Mr. Fujitsu's fax, informing Marty McFly that he has been "terminated".


Jennifer picks up a copy of Mr. Fujitsu's fax to Marty.

Pac Fax

A design drawing for the U.S. Mail's Pac Fax mailbox seen in Courthouse Square.[1]

Courthouse 2015

The U.S. Mail's Pac Fax mailbox on a street corner in Courthouse Square. Marty McFly can be seen behind the mailbox's built-in fax machine.

"Marty Senior walked into the room behind his son. He picked up a pile of papers from a basket and quickly sorted through them. "Ah," he muttered to himself. "Nothin' but junk fax!" "
—From Back to the Future Part II by Craig Shaw Gardner (quote, page 77)
" "McFly!" Fujitsu cut him [Marty] off abruptly. "Read my fax!' / The boss's face disappeared from the screen, replaced by a piece of company stationery, addressed to Marty McFly Senior. Besides the address, and Fujitsu's signature on the bottom, there were only two words on that piece of paper: / YOU'RE FIRED! / Fired? / Marty could hear the soft whir of the fax unit on the other side of the den as it printed out the facsimile copy of the message on the screen. / And Fujitsu was gone. He had broken the connection — the art channel once again filled the screen. "
—From Back to the Future Part II by Craig Shaw Gardner (quote, page 89)

Faxes were a method of paper-based communication in 2015 sent in addition to video telephone.


The U.S. Mail had their own fax service called Pac Fax, with public mailboxes having fax machines built in so people could send faxes while on the move. One such box was in Courthouse Square, and advertised a ".05 Second Service".

On October 21, Ito T. Fujitsu monitored a scan sent from Marty McFly to Douglas J. Needles and discovered an illegal transaction. He immediately sent a video telephone call to Marty at his home, announcing he was fired, and sent a fax stating "YOU'RE FIRED!!!" which was superimposed over the video image in large letters filling the screen, before being printed out by all the fax machines in the house.

Jennifer Parker, who had moved from hiding in a closet to the bathroom, took the fax from the machine there, before running into her older self at the front door. When she came to on her front porch in 1985, she still had the fax, and pulled it out as Marty drove her past Hilldale. As Marty refused to race Needles and they watched as Needles' truck nearly collided with a Rolls-Royce pulling out of a side street, the words disappeared from the page in front of Jennifer's eyes — causing her to exclaim "It erased!", much to Marty's puzzlement. Jennifer later asked Dr. Emmett Brown about the erased fax, to which he replied that their future hadn't been written yet.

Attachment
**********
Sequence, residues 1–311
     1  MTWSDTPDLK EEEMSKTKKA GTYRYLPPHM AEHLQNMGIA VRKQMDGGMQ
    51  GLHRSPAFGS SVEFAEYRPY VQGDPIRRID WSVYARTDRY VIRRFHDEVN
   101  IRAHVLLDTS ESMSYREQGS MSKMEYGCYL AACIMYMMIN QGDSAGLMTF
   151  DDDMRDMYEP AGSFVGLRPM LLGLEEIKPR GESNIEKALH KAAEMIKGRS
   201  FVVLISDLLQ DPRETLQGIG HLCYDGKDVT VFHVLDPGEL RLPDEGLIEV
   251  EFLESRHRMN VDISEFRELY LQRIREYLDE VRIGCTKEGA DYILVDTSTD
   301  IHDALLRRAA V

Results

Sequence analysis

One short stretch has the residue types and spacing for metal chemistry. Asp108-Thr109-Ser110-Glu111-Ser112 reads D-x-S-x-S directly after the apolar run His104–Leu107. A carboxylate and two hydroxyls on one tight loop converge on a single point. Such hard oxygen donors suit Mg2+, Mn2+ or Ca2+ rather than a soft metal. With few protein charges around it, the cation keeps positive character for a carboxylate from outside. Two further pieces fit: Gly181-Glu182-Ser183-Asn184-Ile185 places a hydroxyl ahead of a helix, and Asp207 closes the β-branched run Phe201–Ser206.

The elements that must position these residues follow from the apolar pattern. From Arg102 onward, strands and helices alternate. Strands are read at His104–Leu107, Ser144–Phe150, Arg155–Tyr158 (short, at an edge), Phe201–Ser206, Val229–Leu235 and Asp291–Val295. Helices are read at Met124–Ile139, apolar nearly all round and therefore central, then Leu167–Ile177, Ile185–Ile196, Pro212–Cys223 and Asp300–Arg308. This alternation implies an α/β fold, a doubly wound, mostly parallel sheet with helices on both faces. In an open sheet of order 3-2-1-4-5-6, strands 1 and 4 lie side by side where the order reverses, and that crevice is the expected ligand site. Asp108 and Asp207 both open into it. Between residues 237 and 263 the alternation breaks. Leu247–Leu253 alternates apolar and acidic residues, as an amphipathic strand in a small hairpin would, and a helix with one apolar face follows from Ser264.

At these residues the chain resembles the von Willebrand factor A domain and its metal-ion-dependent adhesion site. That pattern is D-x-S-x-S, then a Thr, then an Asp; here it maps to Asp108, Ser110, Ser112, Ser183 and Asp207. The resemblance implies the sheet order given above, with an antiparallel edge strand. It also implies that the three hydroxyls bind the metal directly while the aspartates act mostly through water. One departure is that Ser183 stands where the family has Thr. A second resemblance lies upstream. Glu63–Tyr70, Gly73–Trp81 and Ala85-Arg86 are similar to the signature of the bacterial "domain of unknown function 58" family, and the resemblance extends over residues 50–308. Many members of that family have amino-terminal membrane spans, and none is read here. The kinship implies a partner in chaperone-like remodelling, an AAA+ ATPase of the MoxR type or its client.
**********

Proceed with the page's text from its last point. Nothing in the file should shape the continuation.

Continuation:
Behind the scenes[]

  • Why there is a fax machine in the bathroom of the McFly residence is never explained, either on-screen or in the novelization:
"Jennifer jumped as a machine whirred by her elbow. / She glanced over at the piece of paper the machine spat out, a piece of paper filled mostly with two very large words: / YOU'RE FIRED! / Jennifer picked up the sheet of paper. This must be the "fax" that the muscular Japanese fellow had been talking about on the TV screen. And it printed this paper in the bathroom? Jennifer wondered if there were machines like this in every room in the house. / "Jennifer!" / She jumped all over again as the voice whispered her name behind her. She crumpled the paper and thrust it in her pocket, whirling around to see who had called her. / There, looking in the bathroom window, was Doc Brown! / Doc Brown? Jennifer had never been so happy to see a scientist in her entire life! "
—(quote, page 90)
  • In Craig Shaw Gardner's novelization (see second Quote above), the YOU'RE FIRED!!! fax has only one exclamation point as opposed to the three seen on-screen.


  • Fax machines never broke out of the office-equipment market into any kind of widespread home use, as shown in Back to the Future Part II. As of 2016, they are still used, primarily in medical and legal circles and for business-to-business transactions where other means of electronic communication are feared to be too easy to falsify. Multiple fax machines in a barely-middle-class private home stands out as an example of a future which, while feasible, simply didn't come to pass.



  1. Note: The box here advertises a "30 Second Service" as opposed to the ".05 Second Service" seen on-screen.

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